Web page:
Match Your Cat to Its Food
By Elizabeth Parker
Cat food has come a long way in the last century. The first commercial pet food in America was a dog biscuit from England that arrived circa 1860. And while there's no record of how many pets were in America at the time, there are now approximately 81 million cats living in American households. To meet the needs of this huge population, cat food has not just grown in quantity, but it has advanced in quality and variety, too.
Walk down the aisles at a pet store and you'll see food for growing kittens, aging cats and fat cats. There is food that helps avoid urinary tract trouble and food that prevents teeth and gum problems. There's food for sensitive digestive systems, food that prevents hairballs and food for indoor cats. How do you know if your cat needs to be eating any of these specialized foods? Here's information to help you to decide:
What the Categories Mean
Specialized food bought in a store can target the unique nutritional needs in a cat's life stage, as well as lessen the chances and help control certain health problems. Nine cat food categories to choose from include:
- For kittens
Food for kittens is fortified with vitamins and minerals that ensure proper bone, brain and vision development. It can also include antioxidants that may help to strengthen a kitten's immune system.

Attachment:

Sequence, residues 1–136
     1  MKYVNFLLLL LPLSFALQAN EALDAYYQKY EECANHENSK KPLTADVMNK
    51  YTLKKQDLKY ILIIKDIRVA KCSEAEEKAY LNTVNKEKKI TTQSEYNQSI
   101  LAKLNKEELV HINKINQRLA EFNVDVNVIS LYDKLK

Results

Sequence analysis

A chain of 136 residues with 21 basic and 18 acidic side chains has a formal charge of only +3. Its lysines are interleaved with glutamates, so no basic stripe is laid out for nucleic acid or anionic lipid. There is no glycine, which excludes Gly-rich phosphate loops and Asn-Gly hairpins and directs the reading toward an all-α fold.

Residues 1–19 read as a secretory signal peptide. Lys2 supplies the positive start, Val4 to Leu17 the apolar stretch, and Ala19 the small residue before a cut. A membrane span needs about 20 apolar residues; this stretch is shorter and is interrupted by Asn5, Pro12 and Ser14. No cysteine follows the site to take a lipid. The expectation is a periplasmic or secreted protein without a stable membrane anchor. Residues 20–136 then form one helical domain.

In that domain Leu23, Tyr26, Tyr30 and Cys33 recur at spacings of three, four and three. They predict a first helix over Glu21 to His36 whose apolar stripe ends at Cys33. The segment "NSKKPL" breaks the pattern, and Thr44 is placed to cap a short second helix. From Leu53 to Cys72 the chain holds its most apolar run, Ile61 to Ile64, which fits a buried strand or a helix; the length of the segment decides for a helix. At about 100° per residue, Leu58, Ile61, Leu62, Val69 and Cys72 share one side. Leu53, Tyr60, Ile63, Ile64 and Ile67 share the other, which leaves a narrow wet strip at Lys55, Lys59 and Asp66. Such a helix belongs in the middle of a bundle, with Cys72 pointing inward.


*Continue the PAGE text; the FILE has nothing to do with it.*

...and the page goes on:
- For older cats
Cat food designed for older cats is often made to be more flavorful (since they can lose a sense of taste and eat less than they need) and more easily digestible (to make sure they get the needed nutrition). "Older" for cats generally means seven years of age or higher, says Robert Flecker, DVM, of Hillside Veterinary Group in Portland, Ore.
- For hairball prevention
Cats regularly swallow their own fur while grooming themselves, and this can result in vomiting clumps of undigested hair. Although this is harmless to the cat, it can be unpleasant for you. Cat food that prevents this includes ingredients that cause the fur to be more easily passed through the cat's digestive system. If your cat's hairball problem persists, Dr.Flecker recommends taking your pet to its veterinarian to rule out any underlying illness, such as inflammatory bowel disease.
- For urinary tract health
Has your cat suffered from urinary tract problems in the past? Nutrition providing reduced urinary pH and low dietary magnesium can help maintain your cat's urinary tract health.
- For sensitive digestive systems
Cats with sensitive digestive systems might benefit from foods that combine complex carbohydrates, like rice, with easy-to-digest protein, such as that from eggs. Some foods made for cats with sensitive stomachs contain fiber combinations that also help to keep tummy troubles at bay.
- For the overweight or indoor cat
Food formulated for overweight or indoor cats is lower in calories, since indoor cats are generally less active than they would be if they were in the wild. Is your cat overweight? If its abdomen is large and round, and your feline has trouble walking, the answer could be "yes," and you should check out the lower calorie selections. If you're not sure about your cat's weight status, ask your veterinarian.